These Are All The Women Elected To Congress In 2018

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The success of women candidates was closely tracked throughout the midterm elections as a record-breaking number battled for a seat at the table. Now that the results are in, all the women who were elected to Congress this year highlight how much progress was made, as well as how far the nation still has to go before reaching true gender parity in Washington D.C.

In 2018, 107 women served in Congress, making up 20 percent of the total 535 members. Representation in the Senate was slightly higher than the House; women comprised 23 percent of U.S. senators and just over 19 percent of all House members. Vermont became the only state that still hasn't sent a woman to Congress, largely because popular male incumbents just keep running.

This year's midterm elections presented an opportunity to drastically increase the number of women serving on Capitol Hill, as 260 women candidates advanced to the general election, by the Center for American Woman and Politics' count. (The majority of those candidates — 77 percent, to be exact — ran as Democrats.) A few women incumbents, including Rep. Barbara Comstock (R-Virginia) and Sen. Heidi Heitkamp (D-North Dakota), faced viable challengers attempting to unseat them, however.

Here are the women who were ultimately elected to Congress in 2018.

  1. Stephanie Murphy (House, D-Florida)
  2. Joyce Beatty (House, D-Ohio)
  3. Marcia Fudge (House, D-Ohio)
  4. Marcy Kaptur (House, D-Ohio)
  5. Elizabeth Warren (Senate, D-Massachusetts)
  6. Ayanna Pressley (House, D-Massachusetts)
  7. Debbie Wasserman Schultz (House, D-Massachusetts)
  8. Terri Sewell (House, D-Alabama)
  9. Eddie Bernice Johnson (House, D-Texas)
  10. Alma Adams (House, D-North Carolina)
  11. Donna Shalala (House, D-Florida)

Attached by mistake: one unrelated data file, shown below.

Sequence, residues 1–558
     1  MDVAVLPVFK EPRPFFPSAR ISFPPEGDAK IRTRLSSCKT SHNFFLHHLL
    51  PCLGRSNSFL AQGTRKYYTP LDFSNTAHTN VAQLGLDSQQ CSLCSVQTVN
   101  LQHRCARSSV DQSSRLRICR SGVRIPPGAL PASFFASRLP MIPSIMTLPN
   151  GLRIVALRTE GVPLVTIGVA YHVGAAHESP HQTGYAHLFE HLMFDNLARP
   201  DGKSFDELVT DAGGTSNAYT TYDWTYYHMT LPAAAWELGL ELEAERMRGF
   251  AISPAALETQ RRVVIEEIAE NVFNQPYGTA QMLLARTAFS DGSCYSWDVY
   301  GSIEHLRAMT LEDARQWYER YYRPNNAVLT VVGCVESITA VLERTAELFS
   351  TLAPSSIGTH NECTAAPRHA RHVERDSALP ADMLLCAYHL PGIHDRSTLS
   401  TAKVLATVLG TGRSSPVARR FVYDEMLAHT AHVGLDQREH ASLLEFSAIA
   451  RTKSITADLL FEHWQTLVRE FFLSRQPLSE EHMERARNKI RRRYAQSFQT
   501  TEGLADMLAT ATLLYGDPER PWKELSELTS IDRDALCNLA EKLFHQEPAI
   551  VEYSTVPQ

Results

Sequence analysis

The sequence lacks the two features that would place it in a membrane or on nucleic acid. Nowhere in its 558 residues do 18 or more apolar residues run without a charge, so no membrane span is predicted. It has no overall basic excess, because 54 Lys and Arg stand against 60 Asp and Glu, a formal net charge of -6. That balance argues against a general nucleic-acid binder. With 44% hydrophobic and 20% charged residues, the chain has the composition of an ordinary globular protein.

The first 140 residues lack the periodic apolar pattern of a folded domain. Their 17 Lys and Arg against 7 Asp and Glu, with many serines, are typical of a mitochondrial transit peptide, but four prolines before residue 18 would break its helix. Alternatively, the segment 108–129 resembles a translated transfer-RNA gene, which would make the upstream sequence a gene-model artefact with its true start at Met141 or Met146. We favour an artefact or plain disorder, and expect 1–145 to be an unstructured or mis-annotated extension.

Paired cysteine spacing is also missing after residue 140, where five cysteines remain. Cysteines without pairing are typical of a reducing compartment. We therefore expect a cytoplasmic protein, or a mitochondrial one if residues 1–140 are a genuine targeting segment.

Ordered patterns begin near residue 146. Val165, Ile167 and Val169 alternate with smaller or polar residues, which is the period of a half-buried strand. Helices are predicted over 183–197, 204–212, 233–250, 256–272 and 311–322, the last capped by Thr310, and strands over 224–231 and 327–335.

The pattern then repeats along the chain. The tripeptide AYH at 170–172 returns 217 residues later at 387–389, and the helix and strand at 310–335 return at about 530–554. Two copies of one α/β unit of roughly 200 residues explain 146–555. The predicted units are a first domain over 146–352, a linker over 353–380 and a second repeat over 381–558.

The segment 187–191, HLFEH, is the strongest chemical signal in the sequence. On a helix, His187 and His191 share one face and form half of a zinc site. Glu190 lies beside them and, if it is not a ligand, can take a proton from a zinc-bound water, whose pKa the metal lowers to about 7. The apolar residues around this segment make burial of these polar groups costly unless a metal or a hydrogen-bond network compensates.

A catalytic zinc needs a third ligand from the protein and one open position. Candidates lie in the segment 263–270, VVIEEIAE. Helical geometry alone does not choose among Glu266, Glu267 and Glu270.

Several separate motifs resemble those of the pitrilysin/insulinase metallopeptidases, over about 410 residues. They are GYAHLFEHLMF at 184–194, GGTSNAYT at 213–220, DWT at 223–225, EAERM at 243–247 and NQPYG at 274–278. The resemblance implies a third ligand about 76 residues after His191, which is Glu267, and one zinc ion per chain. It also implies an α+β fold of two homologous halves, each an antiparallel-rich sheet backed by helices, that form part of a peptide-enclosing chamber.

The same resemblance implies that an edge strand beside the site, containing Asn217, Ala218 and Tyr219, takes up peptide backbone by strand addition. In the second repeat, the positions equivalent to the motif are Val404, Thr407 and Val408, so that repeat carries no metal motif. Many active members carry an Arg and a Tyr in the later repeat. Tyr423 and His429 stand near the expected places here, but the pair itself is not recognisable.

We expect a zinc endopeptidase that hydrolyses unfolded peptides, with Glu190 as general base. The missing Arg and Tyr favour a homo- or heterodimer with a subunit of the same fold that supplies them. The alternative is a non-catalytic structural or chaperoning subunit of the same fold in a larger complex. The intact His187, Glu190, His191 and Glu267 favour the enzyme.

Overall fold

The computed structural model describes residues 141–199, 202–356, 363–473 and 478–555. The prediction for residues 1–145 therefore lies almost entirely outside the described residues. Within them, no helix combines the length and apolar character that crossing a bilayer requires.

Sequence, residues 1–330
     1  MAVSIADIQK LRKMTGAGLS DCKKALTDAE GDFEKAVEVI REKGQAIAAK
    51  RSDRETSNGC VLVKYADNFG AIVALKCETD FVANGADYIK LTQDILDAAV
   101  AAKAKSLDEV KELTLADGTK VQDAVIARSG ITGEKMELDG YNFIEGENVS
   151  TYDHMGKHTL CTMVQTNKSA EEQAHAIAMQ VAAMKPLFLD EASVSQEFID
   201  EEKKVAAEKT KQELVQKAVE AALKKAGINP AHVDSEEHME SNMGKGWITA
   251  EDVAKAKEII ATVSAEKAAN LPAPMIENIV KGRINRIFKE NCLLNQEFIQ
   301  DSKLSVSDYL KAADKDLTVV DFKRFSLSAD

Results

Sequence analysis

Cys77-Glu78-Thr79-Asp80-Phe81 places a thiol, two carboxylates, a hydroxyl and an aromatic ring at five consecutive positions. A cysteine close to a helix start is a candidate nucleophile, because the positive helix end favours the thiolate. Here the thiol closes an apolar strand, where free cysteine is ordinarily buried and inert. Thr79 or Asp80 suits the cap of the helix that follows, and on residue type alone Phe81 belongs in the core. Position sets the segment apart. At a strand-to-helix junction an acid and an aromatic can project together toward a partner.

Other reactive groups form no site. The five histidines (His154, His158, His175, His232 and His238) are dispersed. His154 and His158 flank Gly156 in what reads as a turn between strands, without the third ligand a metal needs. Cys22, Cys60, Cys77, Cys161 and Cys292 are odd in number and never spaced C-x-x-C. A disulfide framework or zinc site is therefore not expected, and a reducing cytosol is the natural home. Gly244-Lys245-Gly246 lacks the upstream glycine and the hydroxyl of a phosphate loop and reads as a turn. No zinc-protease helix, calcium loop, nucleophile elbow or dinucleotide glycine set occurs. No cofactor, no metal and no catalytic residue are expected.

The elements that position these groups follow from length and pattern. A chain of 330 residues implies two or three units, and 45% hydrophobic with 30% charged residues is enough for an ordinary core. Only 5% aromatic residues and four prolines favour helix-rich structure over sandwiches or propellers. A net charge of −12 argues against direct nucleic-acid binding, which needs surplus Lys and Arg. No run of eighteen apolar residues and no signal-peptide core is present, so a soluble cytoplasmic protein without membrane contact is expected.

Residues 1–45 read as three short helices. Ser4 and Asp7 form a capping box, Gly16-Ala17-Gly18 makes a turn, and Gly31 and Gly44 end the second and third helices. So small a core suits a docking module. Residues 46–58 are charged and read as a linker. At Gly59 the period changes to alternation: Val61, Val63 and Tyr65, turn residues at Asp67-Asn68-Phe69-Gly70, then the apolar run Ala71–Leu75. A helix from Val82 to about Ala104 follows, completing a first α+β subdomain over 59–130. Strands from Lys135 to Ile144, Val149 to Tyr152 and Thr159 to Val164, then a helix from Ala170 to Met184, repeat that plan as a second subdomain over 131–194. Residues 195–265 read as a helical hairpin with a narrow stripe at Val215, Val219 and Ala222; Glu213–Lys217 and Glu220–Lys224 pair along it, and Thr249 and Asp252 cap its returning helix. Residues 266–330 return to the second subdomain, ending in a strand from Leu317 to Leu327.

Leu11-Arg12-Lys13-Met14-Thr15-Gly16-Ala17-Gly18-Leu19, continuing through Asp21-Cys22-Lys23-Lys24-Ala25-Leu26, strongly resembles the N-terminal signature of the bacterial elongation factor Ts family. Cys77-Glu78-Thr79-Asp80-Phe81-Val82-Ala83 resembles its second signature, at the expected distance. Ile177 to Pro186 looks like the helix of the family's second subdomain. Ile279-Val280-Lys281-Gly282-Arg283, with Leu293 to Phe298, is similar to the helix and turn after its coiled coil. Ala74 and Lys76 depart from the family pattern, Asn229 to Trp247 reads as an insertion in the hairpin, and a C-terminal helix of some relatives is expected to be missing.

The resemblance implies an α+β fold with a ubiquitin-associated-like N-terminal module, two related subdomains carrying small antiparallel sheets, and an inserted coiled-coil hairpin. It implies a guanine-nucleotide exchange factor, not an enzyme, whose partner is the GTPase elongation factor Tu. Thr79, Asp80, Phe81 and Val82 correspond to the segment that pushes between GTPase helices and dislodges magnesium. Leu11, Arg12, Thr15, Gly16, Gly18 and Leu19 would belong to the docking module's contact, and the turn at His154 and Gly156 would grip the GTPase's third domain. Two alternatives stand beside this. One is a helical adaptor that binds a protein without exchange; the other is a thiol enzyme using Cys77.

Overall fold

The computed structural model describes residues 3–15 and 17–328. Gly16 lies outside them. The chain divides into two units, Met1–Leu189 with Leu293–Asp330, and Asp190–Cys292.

12. Jennifer Wexton (House, D-Virginia)
  13. Kirsten Gillibrand (Senate, D-New York)
  14. Lisa Rochester (House, D-Delaware)
  15. Robin Kelly (House, D-Illinois)
  16. Jan Schakowsky (House, D-Illinois)
  17. Susan Brooks (House, R-Indiana)
  18. Sheila Jackson Lee (House, D-Texas)
  19. Sylvia Garcia (House, D-Texas)
  20. Veronica Escobar (House, D-Texas)
  21. Kay Granger (House, D-Texas)
  22. Nydia Velazquez (House, D-New York)
  23. Virginia Foxx (House, R-North Carolina)
  24. Ilhan Omar (House, D-Minnesota)
  25. Grace Meng (House, D-New York)
  26. Carolyn Maloney (House, D-New York)
  27. Jackie Walorski (House, R-Indiana)
  28. Amy Klobuchar (Senate, D-Minnesota)
  29. Yvette Clarke (House, D-New York)
  30. Alexandria Ocasio-Cortez (House, D-New York)
  31. Debbie Mucarsel-Powell (House, D-Florida)
  32. Tammy Baldwin (Senate, D-Wisconsin)
  33. Martha Roby (House, R-Alabama)
  34. Bonnie Watson Coleman (House, D-New Jersey)
  35. Liz Cheney (House, R-Wyoming)
  36. Carol Miller (House, R-West Virginia)
  37. Mary Gay Scanlon (House, D-Pennsylvania)
  38. Chrissy Houlahan (House, D-Pennsylvania)
  39. Marsha Blackburn (Senate, R-Tennessee)
  40. Sharice Davids (House, D-Kansas)
  41. Rosa DeLauro (House, D-Connecticut)
  42. Gwen Moore (House, D-Wisconsin)
  43. Cheri Bustos (House, D-Illinois)
  44. Susan Wild (House, D-Pennsylvania)